If you haven't done it before (and even if you have!), making your own kombucha can seem downright intimidating. It's one of those things that just makes sense once you've actually done it a couple times. To make it a little easier, here are some of the most common missteps to avoid.
Get our tutorial: How To Make Kombucha Tea at Home
1. Using the wrong type of tea.
The type of tea used to make kombucha is an important choice. It helps to flavor the kombucha, and more importantly provides necessary nutrients for the scoby. While flavored and herbal teas have a lovely fragrance and taste delicious, they're tough to use on their own, as they don't provide quite enough nutrients for the scoby. The essential oils found in most flavored teas can also harm the scoby.
Follow this tip: Black tea is a great variety to use for homemade kombucha — especially if you're just getting started, since it's the easiest and most reliable to ferment into kombucha. Oolong, green, and white tea also work well. If you do try herbal tea, skip using it on its own, and be sure to blend it with some black tea.
2. Cutting down the sugar in the recipe.
It may seem like there's a lot of sugar in your kombucha recipe — enough that you may be tempted to use less, but don't. While the sugar does add some sweetness to the kombucha, that's not its primary purpose. The role of the sugar is actually to feed the scoby during fermentation, and without a sufficient amount, it might not culture properly.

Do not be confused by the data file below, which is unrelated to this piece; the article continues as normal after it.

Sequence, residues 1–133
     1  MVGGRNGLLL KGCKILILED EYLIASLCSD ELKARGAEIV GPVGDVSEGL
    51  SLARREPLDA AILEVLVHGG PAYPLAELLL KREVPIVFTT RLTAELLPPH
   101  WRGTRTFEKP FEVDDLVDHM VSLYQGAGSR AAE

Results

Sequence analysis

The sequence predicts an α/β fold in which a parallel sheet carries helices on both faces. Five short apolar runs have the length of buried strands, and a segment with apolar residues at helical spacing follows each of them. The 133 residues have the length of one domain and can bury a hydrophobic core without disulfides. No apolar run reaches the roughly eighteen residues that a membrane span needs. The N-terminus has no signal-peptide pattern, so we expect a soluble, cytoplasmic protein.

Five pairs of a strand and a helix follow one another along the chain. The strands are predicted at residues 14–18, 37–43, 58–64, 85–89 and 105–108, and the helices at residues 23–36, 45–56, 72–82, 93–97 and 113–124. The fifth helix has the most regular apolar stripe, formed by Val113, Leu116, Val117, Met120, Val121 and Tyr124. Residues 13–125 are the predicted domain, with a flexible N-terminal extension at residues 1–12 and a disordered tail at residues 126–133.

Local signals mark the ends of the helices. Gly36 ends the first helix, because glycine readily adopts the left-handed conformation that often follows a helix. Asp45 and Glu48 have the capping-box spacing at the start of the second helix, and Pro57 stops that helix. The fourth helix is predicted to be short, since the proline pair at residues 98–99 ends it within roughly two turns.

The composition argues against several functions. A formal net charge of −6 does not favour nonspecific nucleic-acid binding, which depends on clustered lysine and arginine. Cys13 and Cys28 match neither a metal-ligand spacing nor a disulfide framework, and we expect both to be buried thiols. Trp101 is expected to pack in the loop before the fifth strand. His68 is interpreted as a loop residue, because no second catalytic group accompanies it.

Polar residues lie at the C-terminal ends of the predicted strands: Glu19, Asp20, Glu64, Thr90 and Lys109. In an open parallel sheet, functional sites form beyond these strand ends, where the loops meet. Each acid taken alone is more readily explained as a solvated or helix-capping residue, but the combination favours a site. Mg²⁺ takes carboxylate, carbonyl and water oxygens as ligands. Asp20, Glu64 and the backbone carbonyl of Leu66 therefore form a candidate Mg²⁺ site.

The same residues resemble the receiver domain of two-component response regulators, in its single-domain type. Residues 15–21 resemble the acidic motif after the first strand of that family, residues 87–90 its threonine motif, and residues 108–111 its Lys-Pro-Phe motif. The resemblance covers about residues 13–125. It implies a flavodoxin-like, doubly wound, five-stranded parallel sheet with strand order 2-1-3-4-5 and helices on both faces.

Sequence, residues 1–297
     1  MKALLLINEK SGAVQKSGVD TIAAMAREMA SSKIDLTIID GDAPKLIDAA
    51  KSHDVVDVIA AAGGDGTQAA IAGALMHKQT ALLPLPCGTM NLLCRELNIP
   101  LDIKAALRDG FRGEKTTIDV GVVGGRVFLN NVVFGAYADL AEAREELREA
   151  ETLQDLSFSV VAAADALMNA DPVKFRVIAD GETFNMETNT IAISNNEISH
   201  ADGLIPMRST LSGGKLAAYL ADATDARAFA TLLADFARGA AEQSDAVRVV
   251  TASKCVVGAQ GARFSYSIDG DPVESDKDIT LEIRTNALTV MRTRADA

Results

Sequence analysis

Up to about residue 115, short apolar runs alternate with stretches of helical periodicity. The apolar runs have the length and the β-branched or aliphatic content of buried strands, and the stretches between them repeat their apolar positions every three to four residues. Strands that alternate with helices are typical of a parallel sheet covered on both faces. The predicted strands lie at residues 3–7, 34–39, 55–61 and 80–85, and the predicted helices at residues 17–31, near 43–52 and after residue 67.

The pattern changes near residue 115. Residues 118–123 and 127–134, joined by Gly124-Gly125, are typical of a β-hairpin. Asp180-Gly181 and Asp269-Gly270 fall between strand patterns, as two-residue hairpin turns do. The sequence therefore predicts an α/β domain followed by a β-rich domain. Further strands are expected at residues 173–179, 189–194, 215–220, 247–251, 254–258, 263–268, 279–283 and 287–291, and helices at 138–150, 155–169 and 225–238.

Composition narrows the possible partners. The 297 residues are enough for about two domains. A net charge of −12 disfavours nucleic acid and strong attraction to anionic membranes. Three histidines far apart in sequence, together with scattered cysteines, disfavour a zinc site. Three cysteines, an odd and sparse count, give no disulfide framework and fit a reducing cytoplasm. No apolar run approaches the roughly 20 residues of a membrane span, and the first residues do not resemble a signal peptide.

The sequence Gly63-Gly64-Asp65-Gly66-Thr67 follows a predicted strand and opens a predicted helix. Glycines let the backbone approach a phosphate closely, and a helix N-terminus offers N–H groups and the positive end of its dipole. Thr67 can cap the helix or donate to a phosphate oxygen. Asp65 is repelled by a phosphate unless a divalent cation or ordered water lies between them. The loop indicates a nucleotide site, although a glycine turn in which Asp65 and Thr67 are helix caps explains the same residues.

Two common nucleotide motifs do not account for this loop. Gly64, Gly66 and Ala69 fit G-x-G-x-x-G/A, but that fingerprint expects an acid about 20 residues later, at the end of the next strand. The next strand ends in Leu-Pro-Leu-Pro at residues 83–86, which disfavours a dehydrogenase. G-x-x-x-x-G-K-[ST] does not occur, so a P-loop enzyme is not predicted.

Follow this tip: Stick with the amount of sugar in the recipe you choose. Most recipes are created with a specific ratio of ingredients (including sugar), which ensures the scoby gets plenty of food to culture properly and the mixture is balanced. It also discourages the growth of mold.
3. Using a plastic or metal brewing container.
Once the tea base is prepared and the starter tea has been added, the liquid is then transferred to a brewing container where it will be stored while it ferments. For the best results, it's best to steer clear of plastic and metal containers, as plastic can leach undesirable chemicals or unpleasant flavors into the kombucha, while metal can harm the growth of the scoby.
Follow this tip: Your best bet is to use a wide-mouth glass or ceramic brewing container, like a large Mason jar, cookie jar, or vessel specifically designed for this purpose.
4. Adding the scoby to the liquid too soon.
Successfully making homemade kombucha requires time and patience; it's not a process that can be rushed. If the scoby is added to the tea mixture before it's had enough time to cool completely, the remaining heat can kill the scoby.
Follow this tip: For the best results, be sure to give the tea sufficient time to cool to room temperature (68°F to 85°F) before adding the scoby.
Read more: How To Make Your Own Kombucha Scoby
5. Storing the fermenting kombucha somewhere that's too hot or too cold.
Once you've prepared the tea and added the tea starter and scoby, it's time to let the fermentation process do its thing. While the process is more or less hands-off, where you store your fermenting kombucha is crucial. An environment that's too cool can inhibit fermentation, while one that's too warm can harm the scoby.
Follow this tip: One of the most important elements of making kombucha is storing it in a place that's warm enough to keep the scoby alive, but not in a place that gets hot, which can kill the scoby. It's best to keep it at room temperature and out of direct sunlight.